Cocoa prices hover at 45-year highs as lagging harvests kick off 3rd season of shortages
- Cocoa prices are hovering around 45-year highs as futures trade over $4,000 per metric ton.
- Bad weather and concerns over crop disease led to lagging harvests, Bloomberg reported.
Cocoa prices are trading at levels not seen in 45 years, as a supply crunch in the commodity drags on for another year.
Prices dipped on Monday, but a string of earlier gains helped push US cocoa futures above $4,000 per metric ton, contributing to an appreciation of over 40% for the year.
It's a price not seen since 1978, Bloomberg reported, and surpasses the 2011 peak that resulted from that year's Ivory Coast export ban on cocoa. But it's still well below the 1977's high of $5,379 per metric ton.
This time around, delayed harvests are exacerbating shortages that have been ongoing for two years, and the supply crunch is heading into a third year.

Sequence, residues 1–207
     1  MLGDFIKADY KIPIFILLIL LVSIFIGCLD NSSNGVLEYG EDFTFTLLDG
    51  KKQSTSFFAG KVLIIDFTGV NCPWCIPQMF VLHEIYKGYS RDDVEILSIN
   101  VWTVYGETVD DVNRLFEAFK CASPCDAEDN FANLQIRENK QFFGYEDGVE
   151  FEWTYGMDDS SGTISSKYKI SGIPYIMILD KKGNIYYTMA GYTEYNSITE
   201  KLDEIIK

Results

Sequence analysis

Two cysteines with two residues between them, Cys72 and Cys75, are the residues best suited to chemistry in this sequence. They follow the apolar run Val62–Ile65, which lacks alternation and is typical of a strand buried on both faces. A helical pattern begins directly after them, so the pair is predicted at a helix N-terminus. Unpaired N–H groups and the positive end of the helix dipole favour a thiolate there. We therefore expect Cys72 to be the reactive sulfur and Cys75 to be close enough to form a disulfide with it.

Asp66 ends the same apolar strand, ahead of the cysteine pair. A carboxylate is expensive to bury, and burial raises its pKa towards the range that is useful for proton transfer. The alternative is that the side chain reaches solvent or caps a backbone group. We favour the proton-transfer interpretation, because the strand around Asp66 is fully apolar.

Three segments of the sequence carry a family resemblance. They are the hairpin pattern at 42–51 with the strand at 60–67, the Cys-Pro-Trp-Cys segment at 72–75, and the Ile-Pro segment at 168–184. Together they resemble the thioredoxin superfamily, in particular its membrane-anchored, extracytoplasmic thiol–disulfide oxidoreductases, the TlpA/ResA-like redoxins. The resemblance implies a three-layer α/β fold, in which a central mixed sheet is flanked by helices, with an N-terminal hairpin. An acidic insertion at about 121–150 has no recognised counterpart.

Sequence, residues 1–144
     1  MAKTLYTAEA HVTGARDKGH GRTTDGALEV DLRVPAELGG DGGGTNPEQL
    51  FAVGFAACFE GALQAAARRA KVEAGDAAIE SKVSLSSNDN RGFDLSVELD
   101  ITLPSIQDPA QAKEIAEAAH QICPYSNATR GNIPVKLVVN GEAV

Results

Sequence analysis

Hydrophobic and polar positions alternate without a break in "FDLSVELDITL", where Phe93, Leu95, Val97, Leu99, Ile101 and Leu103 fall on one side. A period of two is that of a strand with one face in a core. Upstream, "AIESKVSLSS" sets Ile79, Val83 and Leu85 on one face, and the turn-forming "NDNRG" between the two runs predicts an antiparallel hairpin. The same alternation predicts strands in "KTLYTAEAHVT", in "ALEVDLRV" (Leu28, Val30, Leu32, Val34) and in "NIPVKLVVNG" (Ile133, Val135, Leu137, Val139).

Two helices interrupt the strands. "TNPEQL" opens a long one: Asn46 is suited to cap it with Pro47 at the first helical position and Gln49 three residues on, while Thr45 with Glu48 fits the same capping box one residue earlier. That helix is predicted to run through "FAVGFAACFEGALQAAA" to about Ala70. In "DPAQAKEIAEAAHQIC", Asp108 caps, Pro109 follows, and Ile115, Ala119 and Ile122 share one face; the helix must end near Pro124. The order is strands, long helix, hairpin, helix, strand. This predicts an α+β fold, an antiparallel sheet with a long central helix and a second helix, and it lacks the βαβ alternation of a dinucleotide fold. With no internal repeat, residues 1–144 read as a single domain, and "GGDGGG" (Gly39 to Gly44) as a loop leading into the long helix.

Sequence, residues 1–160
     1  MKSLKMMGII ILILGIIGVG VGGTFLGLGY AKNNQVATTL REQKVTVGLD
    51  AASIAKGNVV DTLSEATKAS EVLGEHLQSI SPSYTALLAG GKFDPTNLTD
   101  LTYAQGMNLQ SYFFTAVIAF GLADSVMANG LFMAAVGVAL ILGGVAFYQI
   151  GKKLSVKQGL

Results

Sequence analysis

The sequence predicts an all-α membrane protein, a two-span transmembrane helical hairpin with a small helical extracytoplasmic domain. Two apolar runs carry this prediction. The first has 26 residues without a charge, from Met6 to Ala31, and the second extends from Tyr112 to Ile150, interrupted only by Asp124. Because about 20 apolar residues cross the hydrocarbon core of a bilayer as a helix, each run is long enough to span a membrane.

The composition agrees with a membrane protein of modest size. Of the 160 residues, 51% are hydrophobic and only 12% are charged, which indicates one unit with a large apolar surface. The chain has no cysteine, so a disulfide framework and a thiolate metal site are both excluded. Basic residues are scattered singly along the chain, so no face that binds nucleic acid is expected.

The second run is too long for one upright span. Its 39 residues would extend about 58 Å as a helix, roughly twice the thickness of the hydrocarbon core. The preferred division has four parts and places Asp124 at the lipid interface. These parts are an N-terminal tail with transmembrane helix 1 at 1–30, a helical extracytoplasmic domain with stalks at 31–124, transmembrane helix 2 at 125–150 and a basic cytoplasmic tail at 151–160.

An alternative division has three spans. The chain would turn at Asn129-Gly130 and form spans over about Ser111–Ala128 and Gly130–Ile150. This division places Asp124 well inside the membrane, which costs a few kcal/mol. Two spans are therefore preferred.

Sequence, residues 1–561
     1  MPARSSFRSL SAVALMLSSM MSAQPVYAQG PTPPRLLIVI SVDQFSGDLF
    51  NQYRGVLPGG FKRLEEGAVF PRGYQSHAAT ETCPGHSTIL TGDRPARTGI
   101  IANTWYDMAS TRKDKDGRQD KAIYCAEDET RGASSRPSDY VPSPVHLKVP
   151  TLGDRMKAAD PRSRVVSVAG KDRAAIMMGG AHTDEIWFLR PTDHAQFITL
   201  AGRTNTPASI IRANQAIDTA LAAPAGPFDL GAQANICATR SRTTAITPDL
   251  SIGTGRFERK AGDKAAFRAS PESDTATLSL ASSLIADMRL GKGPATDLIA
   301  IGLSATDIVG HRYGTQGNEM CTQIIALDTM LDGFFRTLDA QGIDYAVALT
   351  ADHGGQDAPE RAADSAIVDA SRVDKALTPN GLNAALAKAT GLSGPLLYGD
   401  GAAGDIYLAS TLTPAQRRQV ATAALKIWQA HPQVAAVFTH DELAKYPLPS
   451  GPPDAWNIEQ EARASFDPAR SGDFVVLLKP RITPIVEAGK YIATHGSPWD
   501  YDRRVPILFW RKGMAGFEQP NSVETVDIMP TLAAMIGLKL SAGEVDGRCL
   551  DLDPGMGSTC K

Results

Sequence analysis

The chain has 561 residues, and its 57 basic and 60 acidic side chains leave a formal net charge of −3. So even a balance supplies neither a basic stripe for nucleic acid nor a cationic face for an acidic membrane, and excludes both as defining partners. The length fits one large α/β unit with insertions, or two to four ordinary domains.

Harvesting seasons in both Ghana and the Ivory Coast have fallen behind the pace set last year, with bad weather and crop disease concerns driving the lag.
In late October, bean deliveries to Ivory Coast ports were 16% behind this season, a source told Bloomberg.
Outlooks also remain dim as El Nino threatens to dry out West Africa, a detriment to growers. This comes against rising global demand, with processing improving in Europe, Brazil, and the Ivory Coast.
Poor weather and dismal harvests have also weighed on commodities such as sugar, driving its price to a high not seen for over a decade. Poor production in India has led to export curbs on the commodity, in the government's bid to keep domestic sugar prices stable.
- Nifty scales Mount 21,000 as RBI hikes growth forecast
- RBI expects India’s GDP to grow at 7% in FY24; keeps repo rate unchanged
- Exploring the majestic rivers of India: A glimpse into nature's lifelines
- Augmented Reality Applications
- Carb creativity: Delicious ways to embrace healthy carbohydrates